If Scotland deserve some degree of derision, the Welsh should be praised immeasurably. Wales’s line-up was in no way poor, a back three of Rees-Zammit, Liam William and Alex Cuthbert providing a nice blend of speed and dependability, but few could kid themselves into thinking this was the side Wayne Pivac truly wanted: at his disposal. On paper, the Dragons were at a severe disadvantage, but they deserve enormous, enormous credit for riding the wave of home crowd support and closing out a titanic Six Nations win against the odds. Huge congratulations, too, should go to consummate professional Dan Biggar, a man approaching 100 Wales caps once again defying critics to prove his value as one of Wales’s ultimate big-game players.

Italy 0 England 33 (Twickenham)

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There are just some games you just can not win. So it was not for Italy, but for England, who went to Rome knowing that most neutrals were hoping that the senior Italian side could match the exploits of the U20s in overturning the Red Roses and causing one of the greatest upsets in Six Nations history. For England, losing would delight the naysayers, whereas winning would inevitably be seen as a routine result anyway. Needless to say, England’s eventual 33-0 victory was hardly met with rapturous acclaim.

The muted response was somewhat justified. Despite not conceding a single point to the Italians, the first time they had achieved the feat in the history of the tournament, few were impressed by England’s scrappy win in Rome. Their potential quality in attack was evident, but England struggled to really get things flowing in a team that is still very much in transition as they integrate players like Harry Randall, Max Malins and of course Marcus Smith into their backline.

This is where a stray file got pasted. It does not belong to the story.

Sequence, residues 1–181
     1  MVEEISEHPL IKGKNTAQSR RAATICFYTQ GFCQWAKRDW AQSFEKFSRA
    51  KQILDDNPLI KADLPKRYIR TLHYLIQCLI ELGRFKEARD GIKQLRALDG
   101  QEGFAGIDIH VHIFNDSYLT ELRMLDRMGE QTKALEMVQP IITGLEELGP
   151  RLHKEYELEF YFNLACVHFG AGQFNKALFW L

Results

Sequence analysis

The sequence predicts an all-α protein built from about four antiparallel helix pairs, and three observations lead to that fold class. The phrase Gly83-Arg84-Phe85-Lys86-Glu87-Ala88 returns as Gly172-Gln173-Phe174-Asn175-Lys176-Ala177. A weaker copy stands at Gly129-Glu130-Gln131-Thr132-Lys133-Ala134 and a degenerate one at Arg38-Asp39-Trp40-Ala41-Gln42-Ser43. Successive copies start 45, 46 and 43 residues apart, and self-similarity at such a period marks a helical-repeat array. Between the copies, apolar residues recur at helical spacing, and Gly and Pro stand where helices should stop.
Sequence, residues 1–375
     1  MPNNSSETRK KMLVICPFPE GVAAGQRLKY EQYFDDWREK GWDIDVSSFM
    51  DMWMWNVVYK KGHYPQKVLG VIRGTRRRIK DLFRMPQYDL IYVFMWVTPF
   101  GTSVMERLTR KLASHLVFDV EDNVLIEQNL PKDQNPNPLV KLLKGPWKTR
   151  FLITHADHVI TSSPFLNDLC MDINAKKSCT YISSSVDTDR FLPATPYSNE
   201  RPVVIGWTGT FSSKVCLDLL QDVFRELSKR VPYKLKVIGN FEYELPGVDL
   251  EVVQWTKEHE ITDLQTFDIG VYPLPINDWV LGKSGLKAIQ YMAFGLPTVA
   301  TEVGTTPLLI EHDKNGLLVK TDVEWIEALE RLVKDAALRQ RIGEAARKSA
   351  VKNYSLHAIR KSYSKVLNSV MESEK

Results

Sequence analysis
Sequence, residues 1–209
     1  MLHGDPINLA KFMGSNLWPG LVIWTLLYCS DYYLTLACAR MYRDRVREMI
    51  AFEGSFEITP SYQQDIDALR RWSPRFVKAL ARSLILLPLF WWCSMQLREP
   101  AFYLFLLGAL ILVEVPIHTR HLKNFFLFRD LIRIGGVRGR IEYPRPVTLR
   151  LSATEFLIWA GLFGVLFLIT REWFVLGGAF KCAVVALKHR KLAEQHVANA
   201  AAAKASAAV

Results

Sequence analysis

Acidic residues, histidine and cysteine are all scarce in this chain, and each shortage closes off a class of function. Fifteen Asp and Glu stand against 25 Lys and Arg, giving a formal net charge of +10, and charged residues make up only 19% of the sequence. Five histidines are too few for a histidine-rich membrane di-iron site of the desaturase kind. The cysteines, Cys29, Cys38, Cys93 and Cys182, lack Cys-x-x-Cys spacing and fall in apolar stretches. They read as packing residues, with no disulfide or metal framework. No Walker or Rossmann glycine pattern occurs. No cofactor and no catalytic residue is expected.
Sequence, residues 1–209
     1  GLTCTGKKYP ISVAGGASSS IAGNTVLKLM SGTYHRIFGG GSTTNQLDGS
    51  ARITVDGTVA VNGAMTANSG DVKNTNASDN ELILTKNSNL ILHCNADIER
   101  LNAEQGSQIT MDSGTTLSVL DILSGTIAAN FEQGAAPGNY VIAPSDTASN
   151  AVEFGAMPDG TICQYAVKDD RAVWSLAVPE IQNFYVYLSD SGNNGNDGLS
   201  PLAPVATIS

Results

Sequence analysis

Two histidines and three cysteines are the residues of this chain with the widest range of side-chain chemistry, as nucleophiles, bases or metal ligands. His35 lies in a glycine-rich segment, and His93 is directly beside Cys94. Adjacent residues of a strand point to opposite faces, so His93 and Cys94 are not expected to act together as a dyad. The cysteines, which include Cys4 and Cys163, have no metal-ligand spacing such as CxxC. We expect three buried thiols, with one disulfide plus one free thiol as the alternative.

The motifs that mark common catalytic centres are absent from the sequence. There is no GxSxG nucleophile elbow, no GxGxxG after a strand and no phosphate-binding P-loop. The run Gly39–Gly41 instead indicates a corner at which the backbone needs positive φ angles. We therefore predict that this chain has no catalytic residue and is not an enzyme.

Speaking of Smith, I personally thought the Harlequins ten was exceptional. Occasionally he was guilty of trying too much, sometimes becoming isolated as a result of somewhat playing his own game, but at times it seemed as though he was the only man on the field, always in possession and in the action zones looking to make something happen. The papers will talk a lot about Smith and his potential for future greatness, but we must be careful. Give Smith time, allow him to be himself, and do not compare him to anyone or anything that he is not. Allow him to be his own person and his own pla:yer. The pressure of international rugby is enough as it is:.

Italy, meanwhile, remain Italy. Mistake after needless mistake caused them to haemorrhage territory and points, the obvious weight and skill disparities in the pack giving the Azzurri a huge disadvantage as England destroyed them at the ruck and at the breakdown. For all their good work in attack, the same old story emerged: all blood and thunder, but no killer instinct. The wait for a Six Nations win gets longer and longer.

Six Nations Ntamack and Dupont: